hunger, mass migration, and joblessness have been a problem throughout
the developing world.
macro-economists, and international development experts have recognized
the problem and speculated what might be done to solve the complex
issue, but one of the root causes has not received much attention
by the peoples of the “developed” nations: rural peoples being driven
off the land and into the cities - more accurately, driven to the
fringes of the cities.
the new places where the immigrants land there are ills that they
never anticipated when they left their rural homes. Living is not
easy. There are few jobs readily available in the cities for those
whose skills emanate from a culture that takes its sustenance directly
from the land.
skills they possess are not needed in the city and are not easily
transferred to a life lived in or around a big city. The new migrants
suffer from the poorest and flimsiest of housing, no safe drinking
water, no sewage treatment for their communities, and little money
for food, medical care, clothing, or education.
these problems have become a crisis for the world’s poor.
of the reasons they are driven from the countryside is government
policy that favors larger and larger agricultural operations, instead
of small farms and small plots of cultivated land, on which rural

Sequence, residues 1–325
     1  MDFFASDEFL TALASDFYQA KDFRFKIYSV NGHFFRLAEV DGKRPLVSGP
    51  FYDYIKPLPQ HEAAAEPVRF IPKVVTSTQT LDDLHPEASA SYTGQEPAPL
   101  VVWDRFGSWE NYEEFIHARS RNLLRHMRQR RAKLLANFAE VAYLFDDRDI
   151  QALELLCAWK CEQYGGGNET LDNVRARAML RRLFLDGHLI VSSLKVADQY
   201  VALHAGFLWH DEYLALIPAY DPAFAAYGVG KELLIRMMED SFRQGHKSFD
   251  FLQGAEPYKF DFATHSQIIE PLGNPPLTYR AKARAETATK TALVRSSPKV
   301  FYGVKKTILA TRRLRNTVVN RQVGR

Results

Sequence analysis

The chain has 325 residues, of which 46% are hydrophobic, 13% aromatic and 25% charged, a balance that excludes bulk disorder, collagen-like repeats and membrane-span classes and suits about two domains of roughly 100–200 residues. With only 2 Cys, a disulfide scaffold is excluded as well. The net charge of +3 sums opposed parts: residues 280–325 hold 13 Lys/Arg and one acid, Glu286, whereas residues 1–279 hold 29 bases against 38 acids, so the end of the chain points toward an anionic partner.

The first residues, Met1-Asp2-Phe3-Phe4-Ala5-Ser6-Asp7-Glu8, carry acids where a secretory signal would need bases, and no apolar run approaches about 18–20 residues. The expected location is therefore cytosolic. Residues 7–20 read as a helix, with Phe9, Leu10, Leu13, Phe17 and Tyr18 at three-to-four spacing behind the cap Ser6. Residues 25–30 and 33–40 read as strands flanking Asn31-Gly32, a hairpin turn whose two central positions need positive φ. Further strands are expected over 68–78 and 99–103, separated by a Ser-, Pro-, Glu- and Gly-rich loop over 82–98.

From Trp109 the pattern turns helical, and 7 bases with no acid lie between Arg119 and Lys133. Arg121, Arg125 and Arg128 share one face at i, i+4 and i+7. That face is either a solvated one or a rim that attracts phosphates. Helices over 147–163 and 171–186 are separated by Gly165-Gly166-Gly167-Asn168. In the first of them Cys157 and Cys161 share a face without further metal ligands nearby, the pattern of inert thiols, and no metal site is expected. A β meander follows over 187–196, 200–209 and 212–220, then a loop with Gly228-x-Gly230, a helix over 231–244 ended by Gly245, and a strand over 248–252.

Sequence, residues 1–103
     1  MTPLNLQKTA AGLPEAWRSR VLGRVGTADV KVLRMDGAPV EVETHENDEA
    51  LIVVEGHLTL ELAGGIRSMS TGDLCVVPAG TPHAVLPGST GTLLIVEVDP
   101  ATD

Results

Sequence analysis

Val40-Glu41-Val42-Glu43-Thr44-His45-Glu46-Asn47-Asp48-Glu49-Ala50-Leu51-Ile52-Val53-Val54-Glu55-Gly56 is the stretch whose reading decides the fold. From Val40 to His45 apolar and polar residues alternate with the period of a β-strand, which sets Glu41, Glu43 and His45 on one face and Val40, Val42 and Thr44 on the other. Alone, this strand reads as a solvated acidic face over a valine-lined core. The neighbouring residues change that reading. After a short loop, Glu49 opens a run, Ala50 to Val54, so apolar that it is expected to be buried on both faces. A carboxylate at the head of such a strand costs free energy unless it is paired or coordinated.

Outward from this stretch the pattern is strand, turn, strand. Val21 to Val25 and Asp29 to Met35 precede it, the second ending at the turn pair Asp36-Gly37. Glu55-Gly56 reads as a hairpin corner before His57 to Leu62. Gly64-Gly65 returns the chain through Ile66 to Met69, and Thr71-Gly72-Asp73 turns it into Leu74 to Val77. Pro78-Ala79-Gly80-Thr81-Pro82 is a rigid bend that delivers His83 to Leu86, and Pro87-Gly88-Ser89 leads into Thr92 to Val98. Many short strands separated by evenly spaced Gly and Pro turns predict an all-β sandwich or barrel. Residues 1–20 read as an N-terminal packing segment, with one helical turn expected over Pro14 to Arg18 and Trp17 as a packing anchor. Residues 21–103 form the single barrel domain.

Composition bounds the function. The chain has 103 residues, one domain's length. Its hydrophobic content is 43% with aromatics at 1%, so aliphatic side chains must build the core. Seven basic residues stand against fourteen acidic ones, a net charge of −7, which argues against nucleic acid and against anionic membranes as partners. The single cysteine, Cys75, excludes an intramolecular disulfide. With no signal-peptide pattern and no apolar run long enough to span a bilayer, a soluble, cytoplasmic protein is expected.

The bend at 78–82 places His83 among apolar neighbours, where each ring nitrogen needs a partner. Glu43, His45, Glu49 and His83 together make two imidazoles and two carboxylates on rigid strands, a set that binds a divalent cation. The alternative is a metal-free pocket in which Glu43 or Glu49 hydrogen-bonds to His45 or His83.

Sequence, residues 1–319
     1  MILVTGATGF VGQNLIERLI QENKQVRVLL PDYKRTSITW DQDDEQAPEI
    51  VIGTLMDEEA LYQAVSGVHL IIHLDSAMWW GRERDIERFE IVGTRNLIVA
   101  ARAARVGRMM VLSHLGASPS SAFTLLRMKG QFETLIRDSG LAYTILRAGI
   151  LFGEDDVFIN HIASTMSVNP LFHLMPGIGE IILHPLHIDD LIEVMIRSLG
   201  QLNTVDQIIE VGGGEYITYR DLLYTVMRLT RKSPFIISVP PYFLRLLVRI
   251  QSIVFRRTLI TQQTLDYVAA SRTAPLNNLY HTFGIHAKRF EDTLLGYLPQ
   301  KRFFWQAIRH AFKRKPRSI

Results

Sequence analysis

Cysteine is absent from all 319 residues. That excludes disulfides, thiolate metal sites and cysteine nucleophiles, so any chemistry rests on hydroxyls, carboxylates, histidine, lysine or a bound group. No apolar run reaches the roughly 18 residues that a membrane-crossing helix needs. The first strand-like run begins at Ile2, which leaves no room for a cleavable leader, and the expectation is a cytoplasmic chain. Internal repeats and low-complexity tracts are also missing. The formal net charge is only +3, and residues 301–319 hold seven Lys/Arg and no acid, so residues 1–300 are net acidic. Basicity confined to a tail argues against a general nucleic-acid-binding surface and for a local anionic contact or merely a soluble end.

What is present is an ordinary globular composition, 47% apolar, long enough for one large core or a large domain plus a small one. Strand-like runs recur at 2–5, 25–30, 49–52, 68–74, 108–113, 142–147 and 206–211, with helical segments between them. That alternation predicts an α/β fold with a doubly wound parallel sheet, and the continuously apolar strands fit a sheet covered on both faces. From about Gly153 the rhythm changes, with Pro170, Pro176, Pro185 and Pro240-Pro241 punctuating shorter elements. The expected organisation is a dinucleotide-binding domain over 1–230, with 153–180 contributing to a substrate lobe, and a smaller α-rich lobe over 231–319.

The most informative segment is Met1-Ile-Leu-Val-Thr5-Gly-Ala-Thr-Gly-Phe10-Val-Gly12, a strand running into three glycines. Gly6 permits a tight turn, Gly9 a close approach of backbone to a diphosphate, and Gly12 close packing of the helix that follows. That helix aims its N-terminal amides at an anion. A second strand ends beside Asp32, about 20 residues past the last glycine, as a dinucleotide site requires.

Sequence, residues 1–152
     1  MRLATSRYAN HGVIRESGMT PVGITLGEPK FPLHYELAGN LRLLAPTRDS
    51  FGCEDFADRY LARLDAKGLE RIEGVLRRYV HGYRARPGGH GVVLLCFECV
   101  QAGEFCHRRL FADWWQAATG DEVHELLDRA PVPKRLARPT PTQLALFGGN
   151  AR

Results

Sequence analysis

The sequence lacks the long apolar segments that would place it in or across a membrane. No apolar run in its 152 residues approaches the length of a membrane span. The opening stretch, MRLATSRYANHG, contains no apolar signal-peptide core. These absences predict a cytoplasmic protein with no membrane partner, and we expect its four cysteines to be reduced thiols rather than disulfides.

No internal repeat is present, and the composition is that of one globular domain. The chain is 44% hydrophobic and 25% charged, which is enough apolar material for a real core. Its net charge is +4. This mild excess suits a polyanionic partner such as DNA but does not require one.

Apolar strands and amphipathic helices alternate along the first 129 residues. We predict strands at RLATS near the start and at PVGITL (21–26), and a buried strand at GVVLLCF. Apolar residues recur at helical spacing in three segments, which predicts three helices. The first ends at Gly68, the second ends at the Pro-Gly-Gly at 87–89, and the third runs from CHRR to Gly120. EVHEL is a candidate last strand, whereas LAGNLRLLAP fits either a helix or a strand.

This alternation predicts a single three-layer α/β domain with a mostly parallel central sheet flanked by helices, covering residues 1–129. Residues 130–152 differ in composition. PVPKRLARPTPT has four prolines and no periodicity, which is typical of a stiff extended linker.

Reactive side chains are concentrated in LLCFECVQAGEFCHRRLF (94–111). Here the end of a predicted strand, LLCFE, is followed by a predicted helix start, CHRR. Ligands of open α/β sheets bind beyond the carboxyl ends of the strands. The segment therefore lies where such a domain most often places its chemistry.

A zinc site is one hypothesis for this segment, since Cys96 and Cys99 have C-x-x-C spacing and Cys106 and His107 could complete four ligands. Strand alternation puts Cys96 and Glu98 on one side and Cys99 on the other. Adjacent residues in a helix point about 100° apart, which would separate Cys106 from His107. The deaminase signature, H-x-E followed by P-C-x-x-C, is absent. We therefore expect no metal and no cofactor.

economies have been based for the millennia. And one of the major
reasons for such government action is the promise of development
assistance from industrialized-nations’ governments and the transnational
corporations that act under their protection.
poor nations borrow money, say, from the International Monetary
Fund or the World Bank, they have to pay it back and they have been
convinced that an easy way to do that is to convert peasant and
indigenous agriculture to industrial agriculture, as in the U.S.,
Canada, and other western countries.
the world, the displacement of peasant and pastoral peoples has
resulted in the current crisis of malnutrition, hunger, and the
constant threat of famine. War, corruption, and lack of education
contribute their share to the problems.
masses of humanity gathered in the cities and urban areas, in general,
provide a constant supply of people who will do any work at the
lowest wage, and that supply of workers tends to drive down the
incomes of all wage workers, up and down the pay scale. During the
1980s, when strike-breaking and union-busting were at a peak in
the U.S., the same thing
was happening as in the rest of the world. Farm foreclosures were
at an all-time high (the Great Depression was used for comparison)
and the displaced farmers and other rural people were going to the
cities and suburbs, looking for work.
in other times, the “army of the unemployed,” made up of people
desperate for work, tended to drive down wages and depress any impulse
workers might have to form unions to better their living standards.
This has continued into the 21st Century. In the current worldwide
financial crisis, there’s a new twist to wresting even more farm
land from the developing world, but this time it’s for more directly
an international non-governmental organization (NGO), which operates
in nine countries on five continents, has just completed a report
on what is being called a “land grab” by countries with money to